A publication of the Archaeological Institute of America
Archaeology Books

PLEASE NOTE: This section is no longer being updated.

1491: New Revelations of the Americas Before Columbus 

Mann, C.
New York: Knopf Publishing Group, 2005. ISBN 140004006X.
The author debunks the myth that when Europeans arrived in the Americas in the fifteenth century, they encountered a vast primeval wilderness sparsely populated by nomadic hunters living in harmony with nature since time immemorial. See also our review. 480 pages.
Boomtown Saloons 

Dixon, K.
Reno: University of Nevada Press, 2005. ISBN 0874176085.
This book is a compelling look at these establishments in one of the biggest mining towns in the nineteenth-century West. See also our review. 256 pages.
Painted by a Distant Hand 

LeBlanc, S.
Boston: Peabody Museum Press, 2005. ISBN 0873654021.
This book is a slim but informative volume inspired by a two-year-long exhibit of Mimbres (A.D. 200-1100) pottery at Harvard's Peabody Museum that closed in June. LeBlanc discusses the meaning of the pottery's figurative imagery and abstract patterns, the artists who created them (most likely women), and what they indicate about daily life, all in clear, straightforward prose. 128 pages.
Fossil Legends of the First Americans 

Mayor, A.
Princeton: Princeton University Press, 2005. ISBN 0691113459.
This book catalogs the fossil knowledge of Native Americans past and present. The author searches the fossil record for creatures that may have inspired native legends. See also our review. 488 pages.
Touring Gotham's Archaeological Past 

diZerega Wall, D., and A. Cantwell
New Haven: Yale University Press, 2004. ISBN 0300103883.
Pound the pavement with this book from leading NYC archaeologists. Woodland sites in the Bronx; Dutch Colonial farmhouses in Queens; the native, free-black, and middle-class areas of Brooklyn; and Revolutionary War Manhattan are a few of the options. 224 pages.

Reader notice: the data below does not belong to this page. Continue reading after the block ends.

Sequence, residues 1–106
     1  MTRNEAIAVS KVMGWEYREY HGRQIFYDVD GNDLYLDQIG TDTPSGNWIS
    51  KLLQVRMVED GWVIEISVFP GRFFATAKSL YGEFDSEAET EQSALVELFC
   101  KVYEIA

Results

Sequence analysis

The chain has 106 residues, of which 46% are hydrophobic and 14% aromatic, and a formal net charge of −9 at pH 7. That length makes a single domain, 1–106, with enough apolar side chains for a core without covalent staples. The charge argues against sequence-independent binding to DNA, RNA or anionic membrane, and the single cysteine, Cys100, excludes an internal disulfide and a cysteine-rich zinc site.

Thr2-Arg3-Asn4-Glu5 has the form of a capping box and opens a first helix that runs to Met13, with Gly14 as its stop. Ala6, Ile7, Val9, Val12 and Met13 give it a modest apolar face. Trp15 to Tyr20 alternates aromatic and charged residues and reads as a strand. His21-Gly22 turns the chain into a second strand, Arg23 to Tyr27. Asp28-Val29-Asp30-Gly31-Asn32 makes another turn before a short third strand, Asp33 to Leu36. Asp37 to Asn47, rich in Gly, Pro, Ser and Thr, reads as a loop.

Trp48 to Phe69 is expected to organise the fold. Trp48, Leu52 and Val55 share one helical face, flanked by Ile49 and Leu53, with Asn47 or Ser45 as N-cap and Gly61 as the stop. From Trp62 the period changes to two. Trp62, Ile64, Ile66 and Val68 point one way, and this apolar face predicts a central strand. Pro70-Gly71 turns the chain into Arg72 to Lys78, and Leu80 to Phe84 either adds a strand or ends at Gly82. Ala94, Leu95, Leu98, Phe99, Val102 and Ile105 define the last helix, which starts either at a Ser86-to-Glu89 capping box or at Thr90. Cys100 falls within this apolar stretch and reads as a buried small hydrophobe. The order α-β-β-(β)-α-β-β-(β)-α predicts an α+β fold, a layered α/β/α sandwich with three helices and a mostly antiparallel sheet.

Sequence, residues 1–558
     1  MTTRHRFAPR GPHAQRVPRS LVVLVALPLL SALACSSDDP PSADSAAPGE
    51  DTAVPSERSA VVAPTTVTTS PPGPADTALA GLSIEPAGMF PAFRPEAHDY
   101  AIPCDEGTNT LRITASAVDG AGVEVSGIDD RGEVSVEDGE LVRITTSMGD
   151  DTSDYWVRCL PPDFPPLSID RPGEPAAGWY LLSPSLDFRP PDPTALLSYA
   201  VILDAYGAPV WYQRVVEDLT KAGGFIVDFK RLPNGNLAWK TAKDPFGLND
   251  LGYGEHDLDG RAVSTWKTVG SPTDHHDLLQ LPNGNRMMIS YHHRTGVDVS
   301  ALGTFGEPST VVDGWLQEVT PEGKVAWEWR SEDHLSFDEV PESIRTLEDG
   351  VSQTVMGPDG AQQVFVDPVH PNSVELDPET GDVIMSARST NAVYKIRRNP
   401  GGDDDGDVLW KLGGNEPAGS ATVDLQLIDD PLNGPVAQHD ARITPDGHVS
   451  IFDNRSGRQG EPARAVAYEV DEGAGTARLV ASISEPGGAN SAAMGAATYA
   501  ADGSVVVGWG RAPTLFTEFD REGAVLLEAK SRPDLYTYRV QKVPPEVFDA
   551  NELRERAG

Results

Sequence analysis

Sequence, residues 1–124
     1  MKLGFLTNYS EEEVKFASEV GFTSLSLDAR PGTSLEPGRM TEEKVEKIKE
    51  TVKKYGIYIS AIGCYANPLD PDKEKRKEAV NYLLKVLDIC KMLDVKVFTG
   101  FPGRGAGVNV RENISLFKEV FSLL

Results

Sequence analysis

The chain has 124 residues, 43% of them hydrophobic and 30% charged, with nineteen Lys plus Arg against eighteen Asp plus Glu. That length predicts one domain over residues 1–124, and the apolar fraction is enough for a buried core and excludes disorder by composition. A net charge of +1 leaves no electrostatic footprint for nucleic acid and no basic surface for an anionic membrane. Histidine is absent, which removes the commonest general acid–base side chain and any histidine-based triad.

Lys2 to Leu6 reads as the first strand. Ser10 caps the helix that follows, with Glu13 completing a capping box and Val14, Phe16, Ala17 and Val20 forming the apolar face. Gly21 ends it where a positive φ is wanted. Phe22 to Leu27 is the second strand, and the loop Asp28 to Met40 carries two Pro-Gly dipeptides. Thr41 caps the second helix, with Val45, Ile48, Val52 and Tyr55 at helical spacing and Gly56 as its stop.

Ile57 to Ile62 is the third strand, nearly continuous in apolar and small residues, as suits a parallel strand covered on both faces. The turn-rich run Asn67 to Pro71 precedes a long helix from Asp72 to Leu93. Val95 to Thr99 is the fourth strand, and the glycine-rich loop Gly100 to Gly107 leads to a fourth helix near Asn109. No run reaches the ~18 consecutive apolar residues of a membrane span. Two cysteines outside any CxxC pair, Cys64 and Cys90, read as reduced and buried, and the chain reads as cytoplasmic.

American Flintknappers: Stone Age Art in the Age of Computers 

Whittaker, J.
Austin: University of Texas Press, 2004. ISBN 0292702663.
In this insider's look at the obscure subculture of flintknappers, the author relates how he spent years traveling the country and attending "knap-ins," where flintknappers gather to demonstrate their skills and trade tips on making the perfect Clovis spearpoint. 384 pages.
Archaeology of Bandelier National Monument: Village Formation on the Pajarito Plateau, New Mexico 

Kohler, T., ed.
Albuquerque: University of New Mexico Press, 2004. ISBN 0826330827.
This volume sumarizes recent survey and excavation of prehistoric pueblos at Bandelier National Monument, one of the country's most visited sites. The authors use the area's 400-year cycle of colonization, occupation, and abandonment to answer larger questions about how villages formed in the ancient Southwest. 288 pages.
Florida's Lost Tribes 

Morris, T.
Gainesville: University Press of Florida, 2004. ISBN 081302739X.
This book contains 58 paintings depicting the lives of many forgotten and vanished tribes of Florida. The paintings are based on (and thoroughly described) evidence from archaeological sites, historical research and much more. The author provides a descriptive account of more than 20 tribes, including a historical and anthropological overview. 112 pages.
Ishi's Brain: In Search of the Last "Wild" Indian 

Stern, O.
New York: W.W. Norton & Company, 2004. ISBN 0393051331.
In 1911, the "last Stone Age Indian" wandered out of the hills of northern California and became a national sensation. Anthropologist Alfred Kroeber brought Ishi, as he became known, to San Francisco, where he was put up at a museum and employed to demonstrate traditional crafts. Upon his death five years later, Ishi's body was autopsied against his express wishes. Anthropologist Orin Stern's book tells the story of the recent effort to repatriate Ishi's remains, especially his brain, which was stored in the Smithsonian for decades. Stern was directly involved in the campaign to rebury Ishi and gives a compelling first-person account of one of American anthropology's strangest, saddest chapters. 320 pages.
Journey to the Ice Age: Discovering an Ancient World 

Storck, P.
Vancouver: University of British Columbia Press, 2004. ISBN 0774810289.
At the end of the Ice Age, small groups of hunter-gathers crossed from Siberia to Alaska and began the last chapter in the human settlement of the earth. Many left little or no trace. But one group, the early Paleo Indians, exploded onto the archaeological record about 11,500 radiocarbon years ago and expanded rapidly throughout North America, sending splinter groups into Central and perhaps South America as well. Why were Early Paleo-Indians so successful? Peter Storck explores the challenges faced by the early Paleo-Indians of northeastern North America. 384 pages.

Editors' Pick = Editors' Picks

More books: 1 2 3 4

Bookstore Main Page

© 2007 by the Archaeological Institute of America

online content

Latest News
Daily archaeological headlines

Interactive Digs
Follow online as ancient civilizations are unearthed.

Privacy Policy - Contact Us - Advertise
© 2011 Archaeological Institute of America
Website by Castle Builder Design
Hosting donated by Hurricane Electric